An intervention is not a lot of things: it is not cornering the addict and trapping them into submission, it is not forcing them to go to treatment, it is not a situation that involves blame, criticism or shame. It is a structured, professionally guided, unified show of support and love by a group of people who care too much about the addict to continue to love them to death or to let them die. What's more, it is a way of the family of addicts to take back the power they have lost to help their loved one. Keep reading...
The pure and simple fact of the matter is that every addict or alcoholic is going to hit bottom. A lot of people think that in order to allow the addict to do that, the family has to sit back and watch them suffer until the bitter end. Not so. By being a part of an intervention, the family and interventionist is going to be providing the addict with three things: the gift of recovery, the chance at a new life lived in sobriety and a safe bottom. The keyword is safe.
Take Johnny for example: his family is a wreck. They have been watching him abuse heroin and opiates for years. They have prayed many many times for Johnny to end up in jail or for something so drastic to happen that it creates what will be his "bottom". Unfortunately, it's not really going as planned. Johnny has gone from having a wife and child with a decent job and a car to crashing on couches, sometimes seeing his daughter and leaving his wife with what seems like her only option, divorce. Johnny has overdosed, lost his job and clearly, his life is out of control. One would think that any number of these things would prompt Johnny to see that he needs help to stop abusing drugs and to reach out to get that help. Although Johnny's parents try to do the right thing, they aren't helping. They have bailed him out of jail after he promised to go to rehab, they have been assisting his wife with money to keep Johnny's bills paid and until last month, they were helping Johnny make his car payment. When Johnny needs somewhere to go, his parents will let him crash at their house, all the while hoping he is coming there to get clean.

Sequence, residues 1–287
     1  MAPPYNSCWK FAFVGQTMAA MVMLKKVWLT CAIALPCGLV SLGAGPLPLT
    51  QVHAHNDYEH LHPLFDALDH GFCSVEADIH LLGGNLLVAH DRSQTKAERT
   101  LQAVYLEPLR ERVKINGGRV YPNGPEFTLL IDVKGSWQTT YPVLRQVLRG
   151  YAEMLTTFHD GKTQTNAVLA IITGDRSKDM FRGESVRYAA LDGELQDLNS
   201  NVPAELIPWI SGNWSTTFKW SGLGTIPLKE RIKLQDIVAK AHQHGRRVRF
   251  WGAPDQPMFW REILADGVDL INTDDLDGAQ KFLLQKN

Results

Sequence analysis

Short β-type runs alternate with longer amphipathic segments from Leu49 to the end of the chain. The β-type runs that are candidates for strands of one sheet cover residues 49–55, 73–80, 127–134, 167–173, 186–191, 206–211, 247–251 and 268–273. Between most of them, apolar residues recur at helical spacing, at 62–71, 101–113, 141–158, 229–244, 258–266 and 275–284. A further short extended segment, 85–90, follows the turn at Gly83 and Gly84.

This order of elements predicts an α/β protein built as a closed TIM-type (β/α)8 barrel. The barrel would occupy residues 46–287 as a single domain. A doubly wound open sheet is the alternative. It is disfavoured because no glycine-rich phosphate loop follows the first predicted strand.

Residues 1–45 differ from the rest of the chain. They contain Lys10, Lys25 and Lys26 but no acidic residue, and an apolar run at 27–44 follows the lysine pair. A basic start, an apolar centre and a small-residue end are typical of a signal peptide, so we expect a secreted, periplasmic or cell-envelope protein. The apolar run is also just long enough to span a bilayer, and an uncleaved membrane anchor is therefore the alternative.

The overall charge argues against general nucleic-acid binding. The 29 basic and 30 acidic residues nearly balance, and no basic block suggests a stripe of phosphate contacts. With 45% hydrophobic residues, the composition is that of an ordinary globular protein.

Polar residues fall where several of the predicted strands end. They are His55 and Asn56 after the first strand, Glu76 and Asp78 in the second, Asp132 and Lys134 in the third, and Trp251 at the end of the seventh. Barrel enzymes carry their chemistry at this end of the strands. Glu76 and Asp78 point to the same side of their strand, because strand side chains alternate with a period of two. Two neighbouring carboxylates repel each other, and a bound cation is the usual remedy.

It is obvious to most that Johnny is not being impacted by the continual loss of the things in his life that used to mean so much to him. It is time for an intervention. The real problem with random bottoms is that we don't get to choose what that bottom will be. It could be a car accident, a fatal overdose, a life lived in prison as a result of a drug related crime, and the list goes on. By participating in an intervention, the family is standing together and saying "we will not help you with your illness any longer, we will only help you in your wellness." Healthy boundaries are set by the family and the addict is presented with this "safe bottom" in a loving, kind way. Each interventionist works with the family to develop a custom strategy for guiding Johnny to the right choice, that choice being treatment. In the end, the choice will be Johnny's alone, but the simple effective way it is presented to him as a result of a professionally guided intervention allows Johnny to see that this option truly is the best option.
If you have a friend or family member that has an addiction, my condolences go out to you. It's definitely not a fun place to be. However, you do not have to sit back and wait for a bottom. Take some control back and give "Johnny" the best gift he'll ever get.

It Didn't Happen Today

As I've blogged about before, I tend to struggle with living in the present. I find myself worried about the future a lot, especially in stressful times, instead of turning my concerns over to God as I have been taught.
So, I went to my homegroup last Friday and was listening to someone talk about this very topic. What she said was that sometimes at the end of the day, it's very helpful to remember that all those worries and concern DIDN'T HAPPEN TODAY. If I'm worried about losing a job, for instance, I can remember that it didn't happen today. All those bad things that are maybes and could happens and might happens DIDN'T HAPPEN TODAY.
What's more, the real lesson that was reiterated to me again was that when I actually take the right action and go to a meeting, I seem to hear exactly what I need to hear. It always ends up that way.

Monday, April 6, 2009

A Good Night's Sleep — Testimonial

Working in the intervention field is at times very stressful, very difficult and exhausting. However, when we receive feedback like this, it makes it all worthwhile.